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Juice Irradiation with Taylor-Couette Flow: UV Inactivation of Escherichia coli

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A novel reactor is described with flow characteristics that approach that of ideal plug flow but with a residence time that is uncoupled from the hydrodynamics or boundary layer characteristics. The design described consists of an inner cylinder that rotates within a stationary but larger outer cylinder. At low rotation rates, a laminar, hydrodynamic configuration called Taylor-Couette flow is established, which consists of a system of circumferential vortices within the annular fluid gap. The latter constitutes a spatially periodic flow that is the hydrodynamic equivalent to cross flow over a tube bank or lamp array. These vortices provide radial mixing, reduce the boundary layer thickness, and are independent of the axial flow rate and thus the fluid residence time. An additional feature of the rotating design is the repetitive exposure of the fluid parcels to a minimum number of lamps, which substantially reduces the maintenance requirements. Inactivation data for Escherichia coli (ATCC 15597) were recorded in commercial apple and grape juice that are relatively opaque to UV radiation. With initial E. coli concentrations of approximately 106 CFU/ml, Taylor-Couette flow was found to provide a 3- to 5-log improvement in the inactivation efficiency compared with simple channel flow between concentric cylinders.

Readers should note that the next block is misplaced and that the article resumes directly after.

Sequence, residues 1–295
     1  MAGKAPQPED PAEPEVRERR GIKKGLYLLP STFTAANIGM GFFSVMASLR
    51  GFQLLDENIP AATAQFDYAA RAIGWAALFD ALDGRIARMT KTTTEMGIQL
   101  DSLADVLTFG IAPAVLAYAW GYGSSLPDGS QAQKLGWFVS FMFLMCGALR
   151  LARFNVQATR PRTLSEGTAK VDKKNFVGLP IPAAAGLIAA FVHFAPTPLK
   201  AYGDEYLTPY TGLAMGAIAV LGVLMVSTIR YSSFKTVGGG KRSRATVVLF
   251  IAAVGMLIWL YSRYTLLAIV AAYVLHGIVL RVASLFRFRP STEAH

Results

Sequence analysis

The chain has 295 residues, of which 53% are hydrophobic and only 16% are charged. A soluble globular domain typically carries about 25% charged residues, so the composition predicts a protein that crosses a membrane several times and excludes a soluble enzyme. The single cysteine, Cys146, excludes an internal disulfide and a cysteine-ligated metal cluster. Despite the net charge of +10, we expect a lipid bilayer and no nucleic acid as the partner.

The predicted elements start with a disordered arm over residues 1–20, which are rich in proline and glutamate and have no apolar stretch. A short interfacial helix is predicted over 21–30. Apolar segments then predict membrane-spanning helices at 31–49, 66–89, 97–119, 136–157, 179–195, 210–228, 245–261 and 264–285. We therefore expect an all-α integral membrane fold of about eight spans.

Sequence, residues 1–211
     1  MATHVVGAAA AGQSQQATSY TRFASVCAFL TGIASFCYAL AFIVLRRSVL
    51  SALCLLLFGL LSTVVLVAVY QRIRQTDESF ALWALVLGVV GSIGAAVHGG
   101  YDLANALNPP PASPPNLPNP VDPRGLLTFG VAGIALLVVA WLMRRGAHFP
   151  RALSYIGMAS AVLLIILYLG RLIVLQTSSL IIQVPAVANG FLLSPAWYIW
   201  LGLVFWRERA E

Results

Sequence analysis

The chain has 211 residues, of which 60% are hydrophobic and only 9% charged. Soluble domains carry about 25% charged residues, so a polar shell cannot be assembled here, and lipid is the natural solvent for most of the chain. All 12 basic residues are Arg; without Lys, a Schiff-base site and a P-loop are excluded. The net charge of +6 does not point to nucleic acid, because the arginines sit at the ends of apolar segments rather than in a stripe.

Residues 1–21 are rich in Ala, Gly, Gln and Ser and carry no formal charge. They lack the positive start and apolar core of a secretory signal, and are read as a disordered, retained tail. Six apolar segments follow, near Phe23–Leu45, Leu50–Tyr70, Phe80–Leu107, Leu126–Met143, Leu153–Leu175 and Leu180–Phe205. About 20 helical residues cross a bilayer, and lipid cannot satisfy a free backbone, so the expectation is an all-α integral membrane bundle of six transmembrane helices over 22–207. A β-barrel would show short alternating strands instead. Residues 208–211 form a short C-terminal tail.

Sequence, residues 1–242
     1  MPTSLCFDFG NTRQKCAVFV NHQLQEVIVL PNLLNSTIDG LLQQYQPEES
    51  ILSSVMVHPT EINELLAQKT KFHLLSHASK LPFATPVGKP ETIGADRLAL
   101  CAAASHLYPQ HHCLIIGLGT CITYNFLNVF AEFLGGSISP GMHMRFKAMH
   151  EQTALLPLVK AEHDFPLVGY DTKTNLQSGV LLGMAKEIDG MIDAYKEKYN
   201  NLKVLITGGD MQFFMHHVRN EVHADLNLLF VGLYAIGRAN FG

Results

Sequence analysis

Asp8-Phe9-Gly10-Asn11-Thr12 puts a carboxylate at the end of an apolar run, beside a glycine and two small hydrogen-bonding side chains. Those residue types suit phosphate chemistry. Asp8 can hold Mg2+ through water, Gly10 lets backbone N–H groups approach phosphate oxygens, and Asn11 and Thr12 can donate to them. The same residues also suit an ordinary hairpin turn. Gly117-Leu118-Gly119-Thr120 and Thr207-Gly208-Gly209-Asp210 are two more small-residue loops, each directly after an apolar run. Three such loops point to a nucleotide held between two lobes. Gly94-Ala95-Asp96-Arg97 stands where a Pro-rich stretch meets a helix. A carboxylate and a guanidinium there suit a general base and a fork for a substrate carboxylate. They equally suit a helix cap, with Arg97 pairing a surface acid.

Document Type: Research Article

Affiliations: 1: School of Chemical and Biomolecular Engineering, Georgia Institute of Technology, Atlanta, Georgia 30332 2: Electro-Optics, Environment, and Materials Laboratory-Food Processing Technology Division, Georgia Tech Research Institute, Atlanta, Georgia 30332, USA

Publication date: 2004-11-01

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